Mothers, according to Rafferty and the other researchers, are often the ones who keep track of doctor’s visits and health information in families. Sharing health information with mom as an emerging adult may simply be a continuation of previous practices, building on previously shared knowledge about the emerging adult’s health history.
The researchers discovered that if their parents exhibited this conduct early in the relationship, emerging adults were far more inclined to talk to their parents about their health. Reciprocal information sharing, according to Rafferty, also helps emerging adults better manage their health, whether they’re updating their family health history at the doctor’s office or seeking extra care.
“We’re learning more and more about certain types of cancers and mental health issues that have genetic components, and it’s critical in those cases, especially for emerging adults, to know what they’re predisposed to, that they’re not alone, and that they have their parents’ support,” Rafferty said.
The researchers discovered that stigma associated with specific health subjects (e.g., sexual habits) had a significant impact on health disclosures. Emerging adults who were concerned about feeling guilty or who wanted to maintain a relationship with their father were more likely to keep private health information from him, especially if they hailed from homes with “high conformance attitudes.” This, however, had no bearing on a conversation with a mother concerning private health matters.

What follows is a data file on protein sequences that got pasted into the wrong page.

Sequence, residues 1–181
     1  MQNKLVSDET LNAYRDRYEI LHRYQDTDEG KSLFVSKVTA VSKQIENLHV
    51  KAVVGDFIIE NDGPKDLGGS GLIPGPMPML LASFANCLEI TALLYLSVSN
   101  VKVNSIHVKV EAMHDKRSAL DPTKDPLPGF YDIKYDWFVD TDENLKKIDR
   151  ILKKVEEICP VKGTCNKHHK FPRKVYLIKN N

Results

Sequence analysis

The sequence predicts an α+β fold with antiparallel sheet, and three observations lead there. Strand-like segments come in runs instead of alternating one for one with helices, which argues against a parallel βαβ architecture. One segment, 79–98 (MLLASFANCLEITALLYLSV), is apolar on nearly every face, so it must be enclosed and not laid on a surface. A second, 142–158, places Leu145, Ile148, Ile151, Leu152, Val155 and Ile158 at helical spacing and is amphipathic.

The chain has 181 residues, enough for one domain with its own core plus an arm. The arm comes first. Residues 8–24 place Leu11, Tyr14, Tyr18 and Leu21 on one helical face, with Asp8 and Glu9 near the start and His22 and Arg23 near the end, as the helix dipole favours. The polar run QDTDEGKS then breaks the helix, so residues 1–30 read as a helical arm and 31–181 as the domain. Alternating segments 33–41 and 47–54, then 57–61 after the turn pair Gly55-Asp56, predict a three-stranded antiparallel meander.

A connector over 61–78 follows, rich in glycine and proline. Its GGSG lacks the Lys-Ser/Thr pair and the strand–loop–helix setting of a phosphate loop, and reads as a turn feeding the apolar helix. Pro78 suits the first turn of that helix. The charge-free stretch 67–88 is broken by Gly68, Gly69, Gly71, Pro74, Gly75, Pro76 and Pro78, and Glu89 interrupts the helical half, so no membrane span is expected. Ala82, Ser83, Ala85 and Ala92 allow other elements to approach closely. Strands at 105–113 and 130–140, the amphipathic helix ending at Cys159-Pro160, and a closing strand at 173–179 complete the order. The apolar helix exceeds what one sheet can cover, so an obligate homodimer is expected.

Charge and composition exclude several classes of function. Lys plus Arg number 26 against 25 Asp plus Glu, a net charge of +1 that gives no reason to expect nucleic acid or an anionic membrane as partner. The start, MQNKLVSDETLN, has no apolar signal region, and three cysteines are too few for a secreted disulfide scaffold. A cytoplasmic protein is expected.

“With a high conformity orientation, there’s a lot of pressure to follow by family rules, usually from a father figure in a conventional household,” Rafferty stated, using the character of Jack Byrnes (Robert De Niro) from the film “Meet the Parents” as an example. There is a presumption about what one can and cannot discuss with family members.”
Rafferty cited “Modern Family” as an example of a low conformity approach. Family members with varied lifestyles are accepted and embraced in this show. The new findings underline the importance of family dynamics in determining whether or not emerging adults share private health information and engage their parents in medical decisions. Early on, open and courteous interactions, as well as reciprocal information sharing, can improve an emerging adult’s general health and lessen family conflict.
Rafferty, whose study focuses on parents of medically complicated children, also advised parents to involve their children in health management. “Rather than just waiting for mom or dad to say, ‘OK, it’s time to take your insulin,’ teach your child how to inject their insulin or figure out what things to consume to counteract low blood sugar,” she noted.
Rafferty believes that involving youngsters in their own health management and making medical decisions jointly might ease the transition to emerging adulthood. When dealing with a health issue, emerging adults will feel more confident and will know they have support.
“If COVID has taught us anything, it’s that health difficulties will affect us all at some point,” Rafferty remarked. “We’ve all had to take a step back and reassess our physical health and well-being. How parents model this for their children will influence how they discuss and approach health issues as they grow into young people.”